Looking back we traveled all over Scotland so much what was good and what and how various teams did their business, we were always being tested and managed not to let many down. The RAF teams were very fit and though at times lacked in local knowledge and experience many a local Mountain Rescue star got a shock. The odd statement of” give me your fastest troops” for a fast party was a red rag to bull and the troops loved it. The years of the Cold War in the military meant we kept many powerful mountaineers in the RAF many at the top of their game and a few went on to climb some of the worlds great peaks and climbs.
I was privileged to serve with RAF Leuchars and Kinloss Mrt as a team member, Team Leader and then back to Team member for over 30 years. I saw many changes, highs and lows, good days, bad days and sad days but what memories. For all the training we did we had few accidents (thank God) We trained so hard as we too for the job we did it was always difficult explains this to the powers that ruled us.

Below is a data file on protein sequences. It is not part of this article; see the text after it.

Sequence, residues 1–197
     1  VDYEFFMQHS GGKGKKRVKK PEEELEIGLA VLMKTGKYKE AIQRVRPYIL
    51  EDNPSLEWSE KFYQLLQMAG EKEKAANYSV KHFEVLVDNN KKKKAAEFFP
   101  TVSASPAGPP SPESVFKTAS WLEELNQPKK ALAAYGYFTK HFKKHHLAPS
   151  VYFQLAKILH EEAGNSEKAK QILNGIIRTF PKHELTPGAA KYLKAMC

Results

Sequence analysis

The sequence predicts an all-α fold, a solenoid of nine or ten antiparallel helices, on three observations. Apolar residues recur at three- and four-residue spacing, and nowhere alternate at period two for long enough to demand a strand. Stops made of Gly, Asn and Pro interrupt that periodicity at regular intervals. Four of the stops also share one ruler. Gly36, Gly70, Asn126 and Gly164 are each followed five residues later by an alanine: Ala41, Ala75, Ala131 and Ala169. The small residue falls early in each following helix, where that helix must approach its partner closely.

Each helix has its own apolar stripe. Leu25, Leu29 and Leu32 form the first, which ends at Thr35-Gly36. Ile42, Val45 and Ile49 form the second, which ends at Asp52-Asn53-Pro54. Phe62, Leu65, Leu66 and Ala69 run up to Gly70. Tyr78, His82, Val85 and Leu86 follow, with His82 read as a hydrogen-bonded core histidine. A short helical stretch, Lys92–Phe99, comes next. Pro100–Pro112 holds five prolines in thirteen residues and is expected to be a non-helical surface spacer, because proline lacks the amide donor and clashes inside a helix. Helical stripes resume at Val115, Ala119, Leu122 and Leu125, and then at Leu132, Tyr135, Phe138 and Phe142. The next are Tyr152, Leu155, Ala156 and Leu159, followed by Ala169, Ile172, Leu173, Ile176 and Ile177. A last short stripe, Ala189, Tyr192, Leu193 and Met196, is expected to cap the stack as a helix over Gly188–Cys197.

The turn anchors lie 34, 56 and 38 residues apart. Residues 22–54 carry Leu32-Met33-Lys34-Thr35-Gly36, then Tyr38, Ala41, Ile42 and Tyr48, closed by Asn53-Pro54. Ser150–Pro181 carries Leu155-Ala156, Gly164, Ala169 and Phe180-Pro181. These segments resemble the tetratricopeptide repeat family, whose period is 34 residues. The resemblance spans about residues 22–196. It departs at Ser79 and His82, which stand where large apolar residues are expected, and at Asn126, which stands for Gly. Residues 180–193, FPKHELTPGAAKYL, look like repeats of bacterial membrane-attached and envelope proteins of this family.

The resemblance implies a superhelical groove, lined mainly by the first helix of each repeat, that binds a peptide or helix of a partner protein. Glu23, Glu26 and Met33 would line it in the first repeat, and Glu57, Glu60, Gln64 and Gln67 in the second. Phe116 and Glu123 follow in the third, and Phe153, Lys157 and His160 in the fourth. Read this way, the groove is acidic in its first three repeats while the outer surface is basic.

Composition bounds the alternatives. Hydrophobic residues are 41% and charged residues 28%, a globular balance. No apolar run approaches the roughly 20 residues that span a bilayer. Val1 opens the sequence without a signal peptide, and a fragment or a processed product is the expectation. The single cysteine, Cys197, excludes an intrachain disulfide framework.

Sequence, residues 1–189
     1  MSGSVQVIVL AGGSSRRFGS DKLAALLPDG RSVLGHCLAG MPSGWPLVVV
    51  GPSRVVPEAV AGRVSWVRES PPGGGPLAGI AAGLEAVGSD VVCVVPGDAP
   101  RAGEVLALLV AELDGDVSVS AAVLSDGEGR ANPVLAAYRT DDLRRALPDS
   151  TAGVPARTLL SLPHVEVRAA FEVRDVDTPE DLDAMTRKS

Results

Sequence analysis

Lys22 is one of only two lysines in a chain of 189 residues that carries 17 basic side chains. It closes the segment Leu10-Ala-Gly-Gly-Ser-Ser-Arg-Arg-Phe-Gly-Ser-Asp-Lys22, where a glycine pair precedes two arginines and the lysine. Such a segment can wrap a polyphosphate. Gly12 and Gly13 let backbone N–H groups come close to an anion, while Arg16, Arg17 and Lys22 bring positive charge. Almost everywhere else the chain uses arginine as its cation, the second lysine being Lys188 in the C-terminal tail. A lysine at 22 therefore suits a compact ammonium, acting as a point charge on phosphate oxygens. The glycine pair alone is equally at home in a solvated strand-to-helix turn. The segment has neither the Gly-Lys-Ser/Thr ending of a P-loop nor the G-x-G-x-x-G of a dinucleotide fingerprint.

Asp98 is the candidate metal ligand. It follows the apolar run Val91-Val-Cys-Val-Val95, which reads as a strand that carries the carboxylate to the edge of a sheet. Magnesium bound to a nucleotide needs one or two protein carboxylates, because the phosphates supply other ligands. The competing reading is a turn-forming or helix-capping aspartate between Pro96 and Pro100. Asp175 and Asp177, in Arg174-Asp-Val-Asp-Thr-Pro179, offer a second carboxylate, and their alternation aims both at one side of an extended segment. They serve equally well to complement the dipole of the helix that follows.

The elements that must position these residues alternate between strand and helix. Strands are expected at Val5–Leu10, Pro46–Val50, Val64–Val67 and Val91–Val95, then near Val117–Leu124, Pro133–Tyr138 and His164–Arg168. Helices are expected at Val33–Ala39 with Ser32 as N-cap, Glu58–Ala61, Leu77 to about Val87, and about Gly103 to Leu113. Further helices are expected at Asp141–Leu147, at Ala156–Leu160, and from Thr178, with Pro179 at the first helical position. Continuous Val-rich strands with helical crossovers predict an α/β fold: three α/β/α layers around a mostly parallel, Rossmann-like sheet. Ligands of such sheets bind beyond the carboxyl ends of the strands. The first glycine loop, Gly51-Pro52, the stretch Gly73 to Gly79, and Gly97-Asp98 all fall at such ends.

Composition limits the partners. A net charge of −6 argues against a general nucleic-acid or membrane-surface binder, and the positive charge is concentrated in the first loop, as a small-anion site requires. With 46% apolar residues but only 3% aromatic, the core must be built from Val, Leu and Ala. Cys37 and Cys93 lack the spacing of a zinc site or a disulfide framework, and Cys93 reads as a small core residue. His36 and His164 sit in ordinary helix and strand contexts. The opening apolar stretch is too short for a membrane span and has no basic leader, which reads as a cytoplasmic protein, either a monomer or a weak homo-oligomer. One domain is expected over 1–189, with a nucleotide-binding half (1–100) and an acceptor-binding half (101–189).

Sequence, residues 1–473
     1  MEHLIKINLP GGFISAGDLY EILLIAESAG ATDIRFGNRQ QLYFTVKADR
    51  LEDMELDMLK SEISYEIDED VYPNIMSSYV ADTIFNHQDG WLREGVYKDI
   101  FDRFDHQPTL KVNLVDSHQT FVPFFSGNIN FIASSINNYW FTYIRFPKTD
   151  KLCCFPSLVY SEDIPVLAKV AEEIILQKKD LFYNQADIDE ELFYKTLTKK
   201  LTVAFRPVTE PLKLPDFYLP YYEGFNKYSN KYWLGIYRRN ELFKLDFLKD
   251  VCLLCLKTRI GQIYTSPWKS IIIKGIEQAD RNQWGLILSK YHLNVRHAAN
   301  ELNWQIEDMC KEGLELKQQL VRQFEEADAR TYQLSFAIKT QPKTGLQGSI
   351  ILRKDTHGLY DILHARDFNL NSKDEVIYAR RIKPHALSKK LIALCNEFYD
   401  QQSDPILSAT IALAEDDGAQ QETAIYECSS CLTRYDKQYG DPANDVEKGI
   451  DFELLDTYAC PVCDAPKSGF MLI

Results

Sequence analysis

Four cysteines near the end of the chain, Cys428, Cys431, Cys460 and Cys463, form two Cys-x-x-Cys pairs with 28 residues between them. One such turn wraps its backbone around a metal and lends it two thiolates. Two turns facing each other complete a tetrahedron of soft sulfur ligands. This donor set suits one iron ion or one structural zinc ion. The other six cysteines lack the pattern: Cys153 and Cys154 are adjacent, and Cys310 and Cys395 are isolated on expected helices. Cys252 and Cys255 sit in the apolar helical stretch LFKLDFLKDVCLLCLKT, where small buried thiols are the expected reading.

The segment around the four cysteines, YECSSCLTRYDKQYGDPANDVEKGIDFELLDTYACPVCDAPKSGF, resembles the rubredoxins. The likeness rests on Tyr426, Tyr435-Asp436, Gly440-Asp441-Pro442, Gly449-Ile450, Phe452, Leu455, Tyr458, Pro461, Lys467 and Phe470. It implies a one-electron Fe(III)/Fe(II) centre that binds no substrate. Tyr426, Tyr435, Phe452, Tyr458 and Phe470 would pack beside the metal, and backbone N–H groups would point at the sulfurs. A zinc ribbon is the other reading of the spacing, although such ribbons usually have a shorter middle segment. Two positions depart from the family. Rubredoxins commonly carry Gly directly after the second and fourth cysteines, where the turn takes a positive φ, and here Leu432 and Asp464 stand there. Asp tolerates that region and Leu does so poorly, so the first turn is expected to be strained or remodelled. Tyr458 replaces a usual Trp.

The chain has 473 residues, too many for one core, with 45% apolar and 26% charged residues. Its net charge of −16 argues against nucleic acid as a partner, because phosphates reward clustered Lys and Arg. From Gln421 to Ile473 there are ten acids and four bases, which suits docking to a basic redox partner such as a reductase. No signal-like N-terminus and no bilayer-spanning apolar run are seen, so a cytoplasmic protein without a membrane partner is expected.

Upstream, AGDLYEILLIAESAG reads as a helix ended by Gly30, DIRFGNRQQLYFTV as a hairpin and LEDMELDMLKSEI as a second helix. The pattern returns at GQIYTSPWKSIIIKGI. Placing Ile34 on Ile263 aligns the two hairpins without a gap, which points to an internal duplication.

The training did shape so many lives and out of it can some exceptional people, many who the RAF were lost causes. You could write a book about this alone in the end you had people within the team at all levels who put together became a powerful team.
The word “Team Leader/ Team Building “is now a modern term for Leadership the RAF Mrt had been using the word and the ethos for over 70 years. The great thing was that despite us being in the military on the hill rank played no part at all. It was mountaineering ability and that wonderful phrase ” the mountains have no respect for rank ” is so perfect for putting a young officer or senior officer in their place.